Small-town tradition honors sailors lost, those still on Great Lakes
ROGERS CITY — When mighty vessels loom on Northeast Michigan horizons, they represent not only steel and cargo but also humans braving the waves to make America run, a Rogers City nautical history buff and sailor said.
Such work deserves notice, said Mike Horn, director of the Great Lakes Lore Maritime Museum in Rogers City, which organizes annual bell-ringing ceremonies recognizing sailors past and honoring those who still serve.
Each November, the self-titled Nautical City gathers for a trio of ceremonies honoring the lives of sailors killed in three catastrophic Great Lakes shipwrecks. In a solemn procession, year after year, participants toll a bell once in memory of each life lost.
The ceremonies mark the sinkings of the Edmund Fitzgerald, in 1975, the Daniel J. Morrell, in 1966, and the Carl D. Bradley, in 1958.
Those big boats, and the thousands of others that have settled to the bottom of the Great Lakes, were not merely hunks of machinery, Horn said.
“These guys that were lost were people,” he said. “Just like us. They had their own self-worth. They had their own aspirations. They had family and friends.”
A Saturday ceremony at the museum, recognizing the Morrell, marked the third of this year’s fall bell ringings, held on three successive Saturdays. The museum also conducts a ceremony in May to mark the collision-caused sinking of the Cedarville, which claimed the lives of 10 sailors after departing from Rogers City in 1965.
The Morell took 28 lives, the Fitzgerald, 29.
When the Bradley succumbed to a Nov. 15 storm, it sent Northeast Michigan towns into deep mourning, especially Rogers City, which in one day lost 23 of its own.
The grief may have subsided, but the town still remembers, and residents still tell stories of neighbors, brothers, friends, and fathers lost to the mighty waters of the Great Lakes when the Bradley went down.
Some of those residents turned out for a bell-ringing ceremony on Nov. 19 at the Rogers City Theater. The event also marked the premier of an independent film based on the Bradley sinking.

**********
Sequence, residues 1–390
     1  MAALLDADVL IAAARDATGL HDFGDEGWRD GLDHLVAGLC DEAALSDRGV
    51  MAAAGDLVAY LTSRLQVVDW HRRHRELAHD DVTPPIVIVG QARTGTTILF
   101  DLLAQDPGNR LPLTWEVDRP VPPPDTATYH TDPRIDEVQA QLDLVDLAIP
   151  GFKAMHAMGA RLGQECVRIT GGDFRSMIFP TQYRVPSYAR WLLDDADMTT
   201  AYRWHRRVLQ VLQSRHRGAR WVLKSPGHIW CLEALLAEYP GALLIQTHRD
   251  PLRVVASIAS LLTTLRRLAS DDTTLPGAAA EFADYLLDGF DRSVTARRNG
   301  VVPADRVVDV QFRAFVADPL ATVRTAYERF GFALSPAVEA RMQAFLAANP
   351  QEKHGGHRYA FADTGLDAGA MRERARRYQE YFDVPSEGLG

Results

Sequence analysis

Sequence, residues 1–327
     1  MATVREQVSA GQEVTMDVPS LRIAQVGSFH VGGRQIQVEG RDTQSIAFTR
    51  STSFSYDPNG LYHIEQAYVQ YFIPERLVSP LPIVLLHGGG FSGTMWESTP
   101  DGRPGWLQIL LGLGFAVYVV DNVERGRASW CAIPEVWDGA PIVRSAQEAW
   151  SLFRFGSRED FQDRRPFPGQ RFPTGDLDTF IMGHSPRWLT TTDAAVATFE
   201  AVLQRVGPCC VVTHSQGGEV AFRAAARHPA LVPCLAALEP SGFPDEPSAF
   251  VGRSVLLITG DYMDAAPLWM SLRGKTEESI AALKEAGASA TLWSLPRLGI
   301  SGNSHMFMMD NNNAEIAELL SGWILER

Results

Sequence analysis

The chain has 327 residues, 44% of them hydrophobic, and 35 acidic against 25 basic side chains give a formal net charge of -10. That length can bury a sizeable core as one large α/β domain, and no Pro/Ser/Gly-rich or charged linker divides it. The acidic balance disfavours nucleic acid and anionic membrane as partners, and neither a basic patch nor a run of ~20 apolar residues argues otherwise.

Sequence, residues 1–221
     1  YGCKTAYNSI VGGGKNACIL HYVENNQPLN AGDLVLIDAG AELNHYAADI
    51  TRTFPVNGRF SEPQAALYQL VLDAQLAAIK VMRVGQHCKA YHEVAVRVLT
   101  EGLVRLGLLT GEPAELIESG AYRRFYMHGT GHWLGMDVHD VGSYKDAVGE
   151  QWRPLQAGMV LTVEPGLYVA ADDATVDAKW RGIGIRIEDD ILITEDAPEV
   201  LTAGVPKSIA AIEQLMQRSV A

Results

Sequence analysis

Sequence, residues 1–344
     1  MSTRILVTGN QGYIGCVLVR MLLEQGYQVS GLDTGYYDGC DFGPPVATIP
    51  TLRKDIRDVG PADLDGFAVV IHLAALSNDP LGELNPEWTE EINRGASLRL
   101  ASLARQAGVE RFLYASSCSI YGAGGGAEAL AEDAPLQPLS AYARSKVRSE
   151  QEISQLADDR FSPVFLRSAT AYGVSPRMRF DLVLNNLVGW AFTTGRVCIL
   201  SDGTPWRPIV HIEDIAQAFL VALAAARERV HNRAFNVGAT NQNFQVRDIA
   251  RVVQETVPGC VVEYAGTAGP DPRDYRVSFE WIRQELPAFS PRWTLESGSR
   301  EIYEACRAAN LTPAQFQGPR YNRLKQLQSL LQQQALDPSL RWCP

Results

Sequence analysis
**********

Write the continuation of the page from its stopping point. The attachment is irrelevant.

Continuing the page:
As at other such ceremonies, relatives of some of the dead — some of them coming from across the state or elsewhere — rang for their loved one, while members of the community rang for others.
The solemn ceremony may be largely the same from ringing to ringing, year to year, but those left behind — including a town that hasn’t forgotten their lost — hangs on to the tradition for the same reason anyone clings to remembrances of loved ones, Horn said.
“They were ours,” he said, voice tightening with emotion. “They were part of our life.”
More than a memorial to the past, though, the traditions that bind Northeast Michiganders to their nautical roots also connect today’s residents to the humans aboard the big boats — both those of the past and those of today.
At the Bradley memorial ceremony, a film by boat captain Andy Stempki — a distant relative of one of the Bradley’s lost crew members — depicted the 35 men aboard the boat. The actors portraying them disappeared onscreen as they narrated the events that led to their character’s death in the cold waters of Lake Michigan.
The movie probably didn’t match what actually happened in the ship’s final hours and minutes, said Horn, whose relative was among those who died.
But the movie, like the tolling of a bell year after year, reminds those who take notice that the dead were not numbers, but humans — and so are the sailors who haul goods across lakes and oceans today, Horn said.
The Great Lakes have not seen a significant freighter sinking since the Fitzgerald, but their waters are far from safe, Horn said at the museum on Sunday, as a November wind made Lake Huron roar several blocks away.
On the ocean, captains can slow their ships and wait out a storm, sometimes intentionally drifting for days, said Horn, an experienced sailor.
“On the lakes, in a matter of hours you’re going to run out of lake,” Horn said. “Pretty soon you’ve got to make a move.”
And, in a big enough storm, that move can have dire consequences.
“It’s a risky business,” he said. “We are not evolved to live in that environment, much less work in it. And then we go out in it in vessels made of material that intrinsically sinks.”
Remembering those who did not come home safely may make those on shore look with more understanding and appreciation at the freighters of today, an overlooked but vital link in the supply chain, Horn said.
“Appreciate what you have,” Horn advised, “and remember the people who make it happen.”
Julie Riddle can be reached at 989-358-5693, email@example.com or on Twitter @jriddleX.